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First iPhone worm targets Australians

updated 09:55 am EST, Mon November 9, 2009

Only affects jailbroken devices

The first known iPhone worm has been observed in the wild, reports say. Called Ikee, the worm is considered relatively inoffensive, as it does not steal information or sabotage hardware or software. Instead the package merely changes a phone's wallpaper to a photo of singer Rick Astley before seeking out more points to infect.

The impact of the worm has also been limited to Australia so far, specifically jailbroken phones in the region running SSH while also using an iPhone's default root password. The conditions are similar to those which allowed a Dutch extortion scheme earlier this month; Ikee's author has come forward however, revealing himself as Ashley Towns, an unemployed programmer from Wollogong. "It was supposed to be a small prank I definitely wasn't expecting it to get as far as it did," he comments.

The aim was allegedly to persuade jailbreakers to change their root passwords, thereby making real threats much harder to execute. "A lot of people especially at first thanked me," says Towns. "I think most people are relieved its not out to destroy their phone. I have had a few people abuse me though." The code for the worm has already been published online, which may make it easier to counter.

Apple may use such incidents to support its position on jailbreaking, which it insists is not only a threat to a security but illegal under the DMCA. Critics charge that the locks on iPhone firmware are mainly designed to funnel users to the iTunes Store, where Apple receives royalties for music, movies and applications. Unofficial software markets nevertheless exist for jailbroken iPhones.

by MacNN Staff



  1. climacs

    Joined: Dec 1969



    Avert your eyes! It's Rick Astley!

  1. bleee

    Joined: Dec 1969


    Just sell legally unlocked phones.

    If Apple just sold legally unlocked phones like it does in Hong Kong, than this wouldn't be a problem. The problem is there are no options, I'm sure there are people who would gladly shell out the $650 to buy a legally unlocked phone so that they don't have to deal with jailbreaking.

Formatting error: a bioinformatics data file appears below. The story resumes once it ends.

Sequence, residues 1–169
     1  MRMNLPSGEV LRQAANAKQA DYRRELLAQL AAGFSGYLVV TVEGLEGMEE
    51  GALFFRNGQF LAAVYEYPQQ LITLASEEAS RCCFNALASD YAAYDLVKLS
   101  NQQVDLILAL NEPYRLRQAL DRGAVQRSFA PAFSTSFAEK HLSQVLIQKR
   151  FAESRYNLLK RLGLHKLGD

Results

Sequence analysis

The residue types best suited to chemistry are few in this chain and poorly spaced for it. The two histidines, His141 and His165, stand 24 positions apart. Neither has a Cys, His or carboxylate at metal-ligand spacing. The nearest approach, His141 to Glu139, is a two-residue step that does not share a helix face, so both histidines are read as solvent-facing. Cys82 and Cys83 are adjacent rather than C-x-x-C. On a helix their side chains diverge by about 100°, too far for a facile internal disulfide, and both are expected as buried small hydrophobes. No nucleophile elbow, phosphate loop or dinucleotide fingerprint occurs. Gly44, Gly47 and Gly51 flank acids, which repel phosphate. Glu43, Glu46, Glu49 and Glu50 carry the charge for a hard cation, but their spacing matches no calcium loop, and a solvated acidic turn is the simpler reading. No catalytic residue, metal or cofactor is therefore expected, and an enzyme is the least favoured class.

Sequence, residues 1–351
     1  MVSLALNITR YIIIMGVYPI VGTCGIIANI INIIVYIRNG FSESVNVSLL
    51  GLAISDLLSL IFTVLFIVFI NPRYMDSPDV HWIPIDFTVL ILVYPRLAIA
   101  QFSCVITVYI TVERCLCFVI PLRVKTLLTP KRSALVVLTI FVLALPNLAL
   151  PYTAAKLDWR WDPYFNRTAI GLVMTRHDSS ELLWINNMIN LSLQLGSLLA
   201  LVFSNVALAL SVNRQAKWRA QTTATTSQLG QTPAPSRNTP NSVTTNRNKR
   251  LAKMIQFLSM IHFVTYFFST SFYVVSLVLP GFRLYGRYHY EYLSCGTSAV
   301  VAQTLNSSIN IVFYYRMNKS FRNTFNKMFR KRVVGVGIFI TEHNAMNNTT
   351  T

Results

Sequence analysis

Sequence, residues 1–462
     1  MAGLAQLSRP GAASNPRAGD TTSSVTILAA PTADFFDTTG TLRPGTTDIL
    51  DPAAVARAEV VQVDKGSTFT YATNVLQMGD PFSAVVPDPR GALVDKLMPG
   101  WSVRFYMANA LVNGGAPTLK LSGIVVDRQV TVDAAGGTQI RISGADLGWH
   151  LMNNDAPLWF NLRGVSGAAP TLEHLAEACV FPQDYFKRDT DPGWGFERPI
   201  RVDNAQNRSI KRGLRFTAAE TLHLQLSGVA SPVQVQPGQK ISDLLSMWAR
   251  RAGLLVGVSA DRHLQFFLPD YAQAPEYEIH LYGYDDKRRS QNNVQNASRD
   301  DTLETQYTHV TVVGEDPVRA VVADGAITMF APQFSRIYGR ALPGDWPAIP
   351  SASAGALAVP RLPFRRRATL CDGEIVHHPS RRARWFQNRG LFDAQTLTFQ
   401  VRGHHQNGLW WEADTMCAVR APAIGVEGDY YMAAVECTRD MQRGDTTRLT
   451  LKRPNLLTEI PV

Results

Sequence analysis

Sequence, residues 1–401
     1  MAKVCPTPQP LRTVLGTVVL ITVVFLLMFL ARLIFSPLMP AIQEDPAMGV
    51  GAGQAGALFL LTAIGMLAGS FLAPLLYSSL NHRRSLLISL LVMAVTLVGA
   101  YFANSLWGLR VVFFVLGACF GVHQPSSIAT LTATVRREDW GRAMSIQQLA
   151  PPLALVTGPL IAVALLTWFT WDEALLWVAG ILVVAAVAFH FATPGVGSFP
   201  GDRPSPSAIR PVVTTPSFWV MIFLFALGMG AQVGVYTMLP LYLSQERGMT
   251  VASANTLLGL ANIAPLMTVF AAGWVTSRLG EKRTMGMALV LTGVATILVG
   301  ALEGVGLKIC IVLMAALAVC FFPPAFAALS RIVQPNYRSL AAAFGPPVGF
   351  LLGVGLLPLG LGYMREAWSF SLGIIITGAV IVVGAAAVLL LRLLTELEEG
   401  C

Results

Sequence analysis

1. Gazoobee

    Joined: Dec 1969



    I'm sure you get more page hits this way, but isn't it a bit misleading to *not* mention that this worm is only a threat to jail-broken phones in either the headline or the lead copy? You're just panicking people and revving things up when you make them click on your story only to find out it's not really an iPhone worm at all but a worm specifically for illegally hacked iPhones. Don't be part of the problem, try reporting things as they actually *are* and suffering a few less (panicky) page hits.

  1. dliup

    Joined: Dec 1969



    It's not about unlocking. Plenty of people unlock their iPhone without installing openSSH.

    Besides, OpenSSH contains explicit info to change root password.

    So this is a problem ONLY for the noobs that can't follow simple directions.

  1. Marook

    Joined: Dec 1969


    Not a Worm!

    Simply logging in with a known password can hardly be called a 'worm'.. well, sure it tries to move on, but nothing has been hacked!
    It simply logs in, sets a desktop picture and moves on..

  1. mr100percent

    Joined: Dec 1969


    A small prank?

    A small prank does not start scanning IPs to infect more devices. If he thought it wouldn't get far based on such an effort, he is either a fool or realizing how big of a deal he got himself into

  1. testudo

    Joined: Dec 1969


    Re: Not a worm

    Wait, it connects to the phone, does it's thing, then tries to replicate elsewhere. If that isn't a worm, what is?

    And how does one go from "sets a desktop picture" to "nothing has been hacked". Um, the desktop picture has been hacked.

  1. WiseWeasel

    Joined: Dec 1969


    Vulnerability = OpenSSH + Default Root Password

    In order to be vulnerable, ALL of the following conditions need to be met:
    1) iPhone must be jailbroken,
    2) User must install OpenSSH from the Cydia (or other installer app) repository, and
    3) User must ignore the warning dialog they were presented when installing OpenSSH, instructing them to change the default root password.

    Most users who jailbreak do not install OpenSSH, and so are not vulnerable to this "exploit".

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